Category: Privacy

A View of Google Street View

Is this your backyard? It could be—it could be online for everyone to see thanks to Street View, one of Google Maps newer features.

The program, first implemented for select cities in 2007, has spawned several privacy-related controversies over the unscrupulous capture of everything from celebrities and cats in windows to domestic violence shelters and men leaving strip clubs. (A good list of early responses to Street View is available on the Boingboing tech blog.)

Nonetheless, if you haven’t used Street View, you should at least give it a looksee. The program offers more than just a way to explore neighbours yards. Street View also allows you to see the streetside sights of Tokyo, London, Paris, and numerous other cities for free by providing an interactive worms-eye view to complement Google Maps’ birds-eye. Google streetcars have already patrolled cities across all continents save Antarctica, and their reach expands daily:

Starting Street View is easy. Just open google map, zoom to the preferred urban locale. Now grab the orange “pegman” (the little guy standing above the zoom bar) and drag-and-drop him onto the highlighted section of asphalt you’d like to visit. (For more help, Google offers several videos to teach new users how to navigate Street View.)

If you’ve chosen a road near a landmark, like the Eiffel tower, Big Ben, and so on, Google has added an extra feature to enhance your experience. Namely, photodecks drawn from google images. The decks offer pictures of your preferred locale under different lighting and weather conditions, and from closer-up; and as you navigate around, the photo-decks change to match your perspective.

Your experience is limited only by your monitor’s resolution—and the fact you’re not actually there to enjoy the sounds, smells, and climate that accompanies the sights. But Google might one day change that too, making things a little bit more real, and creepier.


So maybe you’ve a child, a nephew or niece, or a younger sibling who uses Facebook to communicate and wants you in the loop. Or maybe you’ve an acquaintance that won’t stop pestering you to enlist. Either way, you’re mildly curious about joining, but also concerned about what your page will reveal and to whom.

You’re not alone.

Since its inception Facebook has been embroiled in a string of controversies: once in 2006 for implementing a newsfeed feature that broadcasted users’ remote actions (e.g., like unfriending someone); again in 2009 for making friends lists public by default for anyone to read; and again in early 2010 when an online security consultant Ron Bowles collected then distributed data from 100 million Facebook users.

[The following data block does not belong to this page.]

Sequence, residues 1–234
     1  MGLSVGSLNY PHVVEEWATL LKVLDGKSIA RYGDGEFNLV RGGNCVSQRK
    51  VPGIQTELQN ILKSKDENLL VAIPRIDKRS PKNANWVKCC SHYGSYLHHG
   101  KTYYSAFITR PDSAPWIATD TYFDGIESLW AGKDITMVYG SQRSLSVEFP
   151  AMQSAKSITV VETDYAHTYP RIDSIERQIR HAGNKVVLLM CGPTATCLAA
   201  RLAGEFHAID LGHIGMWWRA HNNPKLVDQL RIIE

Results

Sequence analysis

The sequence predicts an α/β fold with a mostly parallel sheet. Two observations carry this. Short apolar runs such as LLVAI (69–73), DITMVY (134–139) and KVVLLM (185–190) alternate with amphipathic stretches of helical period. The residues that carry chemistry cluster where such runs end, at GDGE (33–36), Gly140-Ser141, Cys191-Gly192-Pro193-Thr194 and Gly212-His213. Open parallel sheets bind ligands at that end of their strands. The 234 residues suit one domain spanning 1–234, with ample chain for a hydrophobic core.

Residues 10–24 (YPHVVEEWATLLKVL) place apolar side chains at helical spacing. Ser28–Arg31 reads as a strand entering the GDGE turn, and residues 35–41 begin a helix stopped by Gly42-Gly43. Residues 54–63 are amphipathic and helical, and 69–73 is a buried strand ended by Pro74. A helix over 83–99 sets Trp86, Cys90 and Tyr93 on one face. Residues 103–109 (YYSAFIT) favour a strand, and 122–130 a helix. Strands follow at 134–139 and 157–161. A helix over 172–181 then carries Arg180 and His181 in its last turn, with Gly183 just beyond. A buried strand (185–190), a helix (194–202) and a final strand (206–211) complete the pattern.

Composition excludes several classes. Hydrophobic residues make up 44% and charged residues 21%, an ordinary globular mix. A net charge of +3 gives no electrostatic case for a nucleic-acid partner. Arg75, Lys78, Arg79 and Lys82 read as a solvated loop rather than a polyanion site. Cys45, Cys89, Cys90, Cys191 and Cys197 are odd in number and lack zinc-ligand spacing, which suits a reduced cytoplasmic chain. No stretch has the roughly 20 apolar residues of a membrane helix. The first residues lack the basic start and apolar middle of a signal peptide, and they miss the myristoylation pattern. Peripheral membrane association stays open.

The site’s continued wrangling over its privacy settings has even earned it some particularly sharp criticism from down under.

Thus Facebook has proven a constant source of anxiety over privacy and raised some serious questions over how much access friends, familiy, prospective employers, or even the law should have to our personal lives. Detractors have accused Facebook of subverting democracy; while supporters have claimed Facebook is merely responding to a natural evolution in societal values. Either way, Facebook has become a flashpoint for controversy in a way which other social networking sites just haven’t.

Despite the controversies, however, Facebook has still managed to grow to become the number-one  social networking site, beating out MySpace in 2008. The site now has over 500 million members and is slated to grow even further.

So how does one deal with this social megalith? How do you keep your private information safe?

Thankfully Facebook has responded to public pressure and provided a new “simplified” array of profile settings to help keep the spooks and stalkers out. Those options aren’t always easy to find; Facebook keeps them buried in separate and unintuitive places. But a little digging can excavate them and allow you to opt out.

If you’re still unsatisfied, there’s always the age-old tactic of taking an alias and posting as a Guy Incognito or an Iam Huiam.